I found this scent nauseating. Not a fan of patchouli/vanilla mix as I think it is quite disgusting. Overall, very dated fragrance and definitely not for everyone.
Thumb way up!
It's December as I write this, this is the type of weather, at least in the Northern Hemisphere, for this fragrance.
Go out and try it, dark and rich.
Goes well with that extra layer of clothing, good friends, nights out and enjoying their company!
You feel more mature and as if people take you a little more seriously with this great aroma around you.
Simply stunning. Pure bliss bottled. Smells like how it smells when you are making love to a beautiful woman.
Appropriate only for the most special of evenings.
Dark, smokey, animalic, leathery, boozy, vanillic, spicy, woody, creamy. This is it. Thank you Zino.
20th October, 2014 (last edited: 21st October, 2014)
Testing Zino Davidoff (which now I happily own among my scents) has been one of those moments that reminded me why I like perfumes and testing new things all the time, without prejudices. I did not know this fragrance to be honest, until I received a miniature. I quite enjoy Davidoff tobacco, but I did not really think Zino Davidoff (the scent) was worth any rush to test it... well however last night I applied some on my hand just for curiosity, and – wow! – the very first thing that came to my mind was: this smells *great*. It surprised me – like it happens to me really once in a while. To make things clear before talking about notes and comparisons, the most immediate, solid and sound quality of Zino Davidoff is that it smells terribly, irresistibly, undeniably good. Then, it's also a totally peculiar scent, it just imprints itself in your memory from the very fist sniff. The people which compare this to Dior Homme are right in my opinion: in fact, it somehow smells like an "uncle" of Dior Homme, a desaturated, more mature and somehow darker version of Dior's contemporary classic. Which in 1988 is quite avantgarde. Basically, Zino Davidoff is a rose-patchouli woody scent with an overall dusty sweetness, creamy notes of sandalwood and ylang, and "something" all around which smells halfway tobacco and soft modern leather (but it's neither of the two). Superb drydown, cozy and refined, worth the waiting and as much beautiful as the opening. Not a powerhouse despite the age, fairly different from more canonic fougères: actually it's quite more similar to early '90s brighter/sweeter masculine scents, but even more modern than those, and also "manlier" somehow. Warm, versatile, cozy and relaxed, masculine for sure but with a subtle feminine vein (like Ténéré by Rabanne, to which in fact, Zino Davidoff slightly resembles to some extents). Not intrusive or challenging, but as I said, it's quite unique, so better test it and familiarise with it before eventually purchasing it – not a predictable and safe crowdpleaser for sure. An underrated beauty!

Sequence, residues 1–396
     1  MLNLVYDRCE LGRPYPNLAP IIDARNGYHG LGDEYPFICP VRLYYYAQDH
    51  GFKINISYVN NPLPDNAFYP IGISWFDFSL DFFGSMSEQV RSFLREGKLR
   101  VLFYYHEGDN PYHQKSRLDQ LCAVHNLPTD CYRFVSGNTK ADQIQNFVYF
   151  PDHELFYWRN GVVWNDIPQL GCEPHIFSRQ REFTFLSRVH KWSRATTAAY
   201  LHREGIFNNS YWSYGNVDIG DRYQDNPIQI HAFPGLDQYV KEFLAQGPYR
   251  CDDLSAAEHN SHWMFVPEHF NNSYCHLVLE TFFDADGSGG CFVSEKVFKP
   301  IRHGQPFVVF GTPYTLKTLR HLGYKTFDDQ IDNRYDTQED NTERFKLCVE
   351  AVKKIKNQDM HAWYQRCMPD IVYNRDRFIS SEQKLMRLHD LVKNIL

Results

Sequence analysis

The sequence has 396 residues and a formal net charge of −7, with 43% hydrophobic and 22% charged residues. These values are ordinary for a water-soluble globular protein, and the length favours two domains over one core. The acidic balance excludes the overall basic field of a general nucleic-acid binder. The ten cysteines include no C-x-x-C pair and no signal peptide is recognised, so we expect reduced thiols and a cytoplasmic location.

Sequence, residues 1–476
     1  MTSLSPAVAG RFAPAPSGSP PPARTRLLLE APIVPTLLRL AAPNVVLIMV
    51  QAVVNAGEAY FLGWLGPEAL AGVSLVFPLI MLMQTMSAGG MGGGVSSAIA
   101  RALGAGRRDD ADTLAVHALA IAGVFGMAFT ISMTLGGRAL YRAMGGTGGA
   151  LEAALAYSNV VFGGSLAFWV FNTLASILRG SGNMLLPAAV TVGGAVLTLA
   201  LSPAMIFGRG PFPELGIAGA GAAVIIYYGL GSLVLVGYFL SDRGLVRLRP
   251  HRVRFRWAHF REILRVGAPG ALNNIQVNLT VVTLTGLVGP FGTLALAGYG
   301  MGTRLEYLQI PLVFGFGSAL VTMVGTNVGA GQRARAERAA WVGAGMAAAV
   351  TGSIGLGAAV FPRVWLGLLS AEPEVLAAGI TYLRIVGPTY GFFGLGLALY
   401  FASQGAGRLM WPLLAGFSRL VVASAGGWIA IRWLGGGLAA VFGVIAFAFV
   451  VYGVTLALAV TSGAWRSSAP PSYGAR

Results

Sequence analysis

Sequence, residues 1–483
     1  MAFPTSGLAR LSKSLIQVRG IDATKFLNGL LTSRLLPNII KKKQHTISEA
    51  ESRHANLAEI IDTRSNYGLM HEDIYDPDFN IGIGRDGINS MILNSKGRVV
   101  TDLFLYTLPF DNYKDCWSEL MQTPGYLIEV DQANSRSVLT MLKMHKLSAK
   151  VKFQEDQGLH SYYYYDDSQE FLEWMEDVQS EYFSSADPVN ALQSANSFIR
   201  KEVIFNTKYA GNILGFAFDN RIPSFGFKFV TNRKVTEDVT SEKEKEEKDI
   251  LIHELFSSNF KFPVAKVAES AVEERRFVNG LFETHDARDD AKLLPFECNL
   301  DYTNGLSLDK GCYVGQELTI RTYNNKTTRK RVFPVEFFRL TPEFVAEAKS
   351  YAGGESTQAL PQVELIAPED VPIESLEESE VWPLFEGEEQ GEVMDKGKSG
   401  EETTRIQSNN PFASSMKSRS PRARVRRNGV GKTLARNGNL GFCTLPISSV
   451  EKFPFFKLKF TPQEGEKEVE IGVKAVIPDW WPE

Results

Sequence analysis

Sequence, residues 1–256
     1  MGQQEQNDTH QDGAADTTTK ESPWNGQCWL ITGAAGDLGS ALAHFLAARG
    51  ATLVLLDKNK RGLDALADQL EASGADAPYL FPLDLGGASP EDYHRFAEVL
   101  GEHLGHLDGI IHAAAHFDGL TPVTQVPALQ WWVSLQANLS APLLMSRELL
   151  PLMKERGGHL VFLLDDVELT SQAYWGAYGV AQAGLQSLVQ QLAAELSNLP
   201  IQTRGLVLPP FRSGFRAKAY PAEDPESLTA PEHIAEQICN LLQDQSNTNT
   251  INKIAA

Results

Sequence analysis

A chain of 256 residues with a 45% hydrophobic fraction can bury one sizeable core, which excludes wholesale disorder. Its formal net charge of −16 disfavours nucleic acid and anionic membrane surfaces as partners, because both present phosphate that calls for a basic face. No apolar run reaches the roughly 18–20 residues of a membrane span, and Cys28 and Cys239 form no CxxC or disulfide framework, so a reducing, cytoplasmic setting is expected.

Genre: Woody Oriental
Zino Davidoff starts out with a very bold lavender and citrus accord that recalls old-school standards like Bois du Portugal, The Third Man, and even Jicky (without the civet). Some sweet spices and woods join in over the next few minutes, followed quickly by a very rich and rounded rose note. Settling into its heart, Zino Davidoff becomes a sweetened rose and wood scent, seasoned with geranium and resting on an oriental base of vanilla and smooth sandalwood.
Zino Davidoff does not turn soapy as it dries down, as does Bois du Portugal, nor does it veer toward hyper-masculine leather in the manner of, say, Antaeus. It seems to me instead quite balanced - even classical - in its poised approach to the woody oriental genre. Granted, Zino Davidoff is potent, especially in its first few minutes, but it evolves into a versatile and wearable scent that's far less overwhelming than its oriental successors Opium, A*Men, Le Mâle, and Pi. These days Zino Davidoff is underused, under-rated, and deserving of a wider public.